Carleen Hutchins Violin, 1983

Carleen Hutchins (b.1911, d.2009) was born in Massachusetts but lived the majority of her life in New Jersey. At a young age she was taken with science, woodworking, and music, eventually studying at Cornell University, earning a degree in biology, and working as a science teacher. Years later Hutchins employed her woodworking skills when she took up the viola and found herself dissatisfied with the instrument’s quality. Her passion for instrument making then grew into a career. She studied for several years with Swiss luthier Karl A. Berger and both Rembert Wurlitzer and Fernando Sacconi. Hutchins’ collaborative work led to her discovery of a new tuning method and the establishment of a society for the development of new or improved musical instruments. Her scientific work and innovation left indelible marks on the industry and Hutchins won many awards and gained tremendous recognition for her contributions. She continues to be one of the most famous American makers.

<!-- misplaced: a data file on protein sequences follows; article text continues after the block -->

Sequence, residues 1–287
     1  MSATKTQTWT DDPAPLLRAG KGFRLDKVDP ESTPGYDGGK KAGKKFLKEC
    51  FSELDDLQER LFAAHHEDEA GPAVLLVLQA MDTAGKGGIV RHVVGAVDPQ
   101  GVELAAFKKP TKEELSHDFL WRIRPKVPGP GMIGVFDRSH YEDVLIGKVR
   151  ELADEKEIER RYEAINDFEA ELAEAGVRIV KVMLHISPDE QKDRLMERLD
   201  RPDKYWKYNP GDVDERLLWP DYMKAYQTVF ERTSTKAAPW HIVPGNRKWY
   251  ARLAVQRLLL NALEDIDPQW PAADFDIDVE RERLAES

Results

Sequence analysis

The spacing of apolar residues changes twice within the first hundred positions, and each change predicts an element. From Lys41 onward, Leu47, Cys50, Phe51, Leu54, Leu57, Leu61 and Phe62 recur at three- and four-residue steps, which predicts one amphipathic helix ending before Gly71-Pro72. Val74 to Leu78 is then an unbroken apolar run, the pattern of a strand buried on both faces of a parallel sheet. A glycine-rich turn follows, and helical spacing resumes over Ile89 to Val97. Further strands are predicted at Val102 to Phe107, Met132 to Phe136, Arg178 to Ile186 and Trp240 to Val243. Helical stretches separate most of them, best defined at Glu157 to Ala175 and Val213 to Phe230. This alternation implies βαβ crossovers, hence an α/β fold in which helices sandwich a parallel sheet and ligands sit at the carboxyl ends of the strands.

Hutchins invented a new family of eight proportional instruments – the violin octet. This family of instruments reached new harmonic intervals, extended traditional ranges, corrected age-old acoustic imbalances, and allowed multiple pieces to sing together. This violin measures longer and more shallow than a traditional violin, giving it better sound projection and simplifying the tuning process. Apart from its lovely flamed maple and fine-grained spruce construction or golden-hued varnish, this violin embodies Hutchins’ spirit of innovation and advancement. Its sound is all its own and ready to be appreciated by any accomplished musician.


 

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